The Prague Castle, an ancient symbol of the Czech lands, is the most significant Czech monument and the seat of the head of the state. Most likely it was founded in the 9th century. According to the Guinness Book of World Records, the Prague Castle is the largest coherent castle complex in the world, with an area of almost 70,000 m2. It is a UNESCO World Heritage site and is comprised of palaces, ecclesiastical buildings, defence towers and other buildings of various architectural styles. The ceremony by the Castle gates takes place every hour. At noon it also includes a fanfare and the flag ceremony in the First Courtyard. Once inside the gates, you can visit the Cathedral of St. Vitus, Old Royal Palace, „The Story of Prague Castle“ exhibition, St. George's Basilica, Convent of St. George which houses the National Gallery, Golden Lane with Daliborka Tower, Prague Castle Picture Gallery, Powder Tower, Rosenberg Palace. You can also get a wonderful panorama view of Prague from the top of the Great South Tower of the Cathedral of St. Vitus. Another beautiful place to see is thePrague Castle Gardens.
Many of these amazing sites are narrow and can be too crowded to comfortably visit as a large group. We therefore recommend that you to go through the Prague Castle interiors individually or in small groups. Enjoy it!
Charles Bridge is a 14th century stone bridge linking the two sides of Prague. This magnificent structure is one of the city ̓s attractions, and is the main pedestrian route connecting the Old Town with Small Quarter (Malá Strana) and Prague Castle. King Charles IV commissioned the bridge. The foundation stone was laid in 1357. Charles IV ̓s favourite architect and builder, Petr Parléř, oversaw the majority of the work. For many years the only decoration on the bridge was a simple crucifix. But later, the Catholic desire for ornamentation resulted in 30 beautiful baroque statues.
Being Prague ̓s heart since the 10th century and its main market place until the beginning of the 20th century, the spacious hectare Old Town Square has been the scene of great events, both glorious and tragic. There are beautiful pastel-coloured buildings of Romanesque or Gothic origin with fascinating house signs. Some of the most prominent examples include the Kinský Palace, the House of the Stone Bell and the Štorch House. There are two very nice churches: the gothic Týn church und the baroque St. Nicholas Church. Turists might admire the Astronomical Clock or enjoy a panoramic view from the Old Town Hall Tower. Today, the Old Town Square offers visitors a number of restaurants, cafés, shops, galleries, and a tourist information office.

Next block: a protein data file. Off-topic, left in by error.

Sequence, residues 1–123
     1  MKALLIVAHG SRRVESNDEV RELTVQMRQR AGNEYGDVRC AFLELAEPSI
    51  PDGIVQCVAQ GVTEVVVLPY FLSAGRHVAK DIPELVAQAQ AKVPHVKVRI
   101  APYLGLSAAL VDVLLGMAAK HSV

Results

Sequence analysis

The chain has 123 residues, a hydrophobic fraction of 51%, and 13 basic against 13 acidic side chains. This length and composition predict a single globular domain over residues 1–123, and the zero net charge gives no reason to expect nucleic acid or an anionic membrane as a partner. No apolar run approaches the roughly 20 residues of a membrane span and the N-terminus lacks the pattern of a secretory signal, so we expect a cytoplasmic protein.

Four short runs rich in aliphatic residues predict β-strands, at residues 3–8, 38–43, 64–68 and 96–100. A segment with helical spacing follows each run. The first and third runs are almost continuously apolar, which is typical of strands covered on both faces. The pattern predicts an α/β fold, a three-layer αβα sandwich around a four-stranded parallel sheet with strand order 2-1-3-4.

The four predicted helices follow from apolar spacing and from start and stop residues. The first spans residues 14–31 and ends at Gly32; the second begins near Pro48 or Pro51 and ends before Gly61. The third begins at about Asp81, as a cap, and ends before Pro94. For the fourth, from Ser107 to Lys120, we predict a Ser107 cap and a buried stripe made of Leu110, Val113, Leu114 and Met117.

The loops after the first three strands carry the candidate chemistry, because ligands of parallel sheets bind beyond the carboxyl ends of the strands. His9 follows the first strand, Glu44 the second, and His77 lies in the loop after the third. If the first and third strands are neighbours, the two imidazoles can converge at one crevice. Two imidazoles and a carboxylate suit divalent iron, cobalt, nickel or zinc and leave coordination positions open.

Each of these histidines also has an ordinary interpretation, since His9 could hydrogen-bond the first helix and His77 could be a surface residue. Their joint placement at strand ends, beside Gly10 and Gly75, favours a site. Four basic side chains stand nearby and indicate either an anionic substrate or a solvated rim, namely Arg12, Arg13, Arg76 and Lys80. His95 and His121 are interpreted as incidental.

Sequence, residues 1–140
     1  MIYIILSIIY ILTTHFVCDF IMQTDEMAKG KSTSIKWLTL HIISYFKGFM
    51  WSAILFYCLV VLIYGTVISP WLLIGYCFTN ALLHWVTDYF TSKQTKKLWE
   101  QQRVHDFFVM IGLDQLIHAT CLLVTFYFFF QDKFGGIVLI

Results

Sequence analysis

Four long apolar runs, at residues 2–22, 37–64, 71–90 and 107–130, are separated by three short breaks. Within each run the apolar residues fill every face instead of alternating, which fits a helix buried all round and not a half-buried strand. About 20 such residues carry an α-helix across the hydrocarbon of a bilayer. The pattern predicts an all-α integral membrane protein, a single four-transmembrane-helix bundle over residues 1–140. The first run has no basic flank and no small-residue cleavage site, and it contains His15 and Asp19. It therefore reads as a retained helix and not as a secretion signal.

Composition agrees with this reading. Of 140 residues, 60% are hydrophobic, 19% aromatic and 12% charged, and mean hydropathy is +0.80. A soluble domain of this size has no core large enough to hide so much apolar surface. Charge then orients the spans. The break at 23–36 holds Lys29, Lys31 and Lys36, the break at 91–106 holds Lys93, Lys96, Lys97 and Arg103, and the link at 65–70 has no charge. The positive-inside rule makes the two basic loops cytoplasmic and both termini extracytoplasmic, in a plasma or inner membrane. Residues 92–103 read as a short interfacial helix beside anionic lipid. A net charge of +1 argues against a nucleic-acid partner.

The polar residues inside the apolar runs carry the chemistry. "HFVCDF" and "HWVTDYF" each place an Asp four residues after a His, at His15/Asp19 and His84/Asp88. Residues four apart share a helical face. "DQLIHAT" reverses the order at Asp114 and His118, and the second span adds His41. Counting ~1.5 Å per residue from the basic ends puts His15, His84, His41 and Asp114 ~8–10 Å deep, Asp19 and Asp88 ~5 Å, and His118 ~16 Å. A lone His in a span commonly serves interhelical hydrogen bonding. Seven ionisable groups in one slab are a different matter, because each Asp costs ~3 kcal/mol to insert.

Completed in 1915 on the occasion of the 500th anniversary of the death of Jan Hus, the Czech Hussite reformer, the massive monument dominates the Old Town square. It shows two groups of people, a young mother symbolising national rebirth and the figure of Hus emphasising the moral authority of the man who gave up his life rather than give up his beliefs.
Founded by the Holy Roman Emperor and Czech King Charles IV on April 7, 1348, Charles University is the oldest university in Central Europe. The very first lectures were given in various churches, monasteries and private flats. Afterwards, the son of Charles IV, Wenceslas IV, bought three houses in the city centre for the purposes of the university. In addition, a new university chapel and a big hall for ceremonial assemblies (Aula Magna) were built. In 1611 the new complex, known as the Carolinum, became the central building of Charles University. The history of the Carolinum is closely connected to Czech history and of course also with great names, Jan Hus being among the most prominent. Nowadays, Charles University is in possession of many buildings throughout the whole city, and the Carolinum remains the seat of the rector.
Formerly a Jesuit college established in the former Dominican monastery of St. Clement between 1653 – 1723, this is the largest complex of buildings in Prague after the Prague castle. The Church of St. Clemens and the Church of St. Salvator are included in its parts. When the Jesuits had to leave Prague in 1773, the Clementinum became the seat of the Prague University and the National library. Concerts are often held in the Mirror Chapel.
The Prague Jewish quarter is one of the most exciting places in Prague. Its rich history which covers more than 1000 years, gives you an excellent picture of the life of Jews in Europe. From the 9th century, Jews have played a significant role in making Prague one of the most interesting places in Central Europe. The many monuments that have been preserved reveal the prosperity and intellectual vigor of Prague’s Jewish culture. Visitors can admire five synagogues, the Ceremonial Hall and the Old Jewish Cemetery.
Ancient legends situate the original seat of the Czech princes – the legendary Princess Libuše and the first Premyslides – on the hill. In fact, however, this fort was not founded until the Prague Castle was already in existence, since it dates back to the mid-10th century. In the latter half of the 11th and in the 12th century Vysehrad was the Premyslides princes ̓ main residence which brought about significant building activity within its walls. Among the noteworthy sights there are the precious romanesque rotunda of St. Martin, the gothic church of St. Peter and Paul (rebuilt in the neogothic style in the late 19th century), the Vysehrad cemetery (used as a burial site of the Czech outstanding personalilties, among them Antonín Dvořák, Bedřich Smetana, Alfons Mucha, Ema Destinová and Karel Čapek), and the underground catacombs which house the originals of several baroque statues from the Charles Bridge. It is a really nice place for a walk as it offers amazing views of the centre of Prague and the Prague Castle.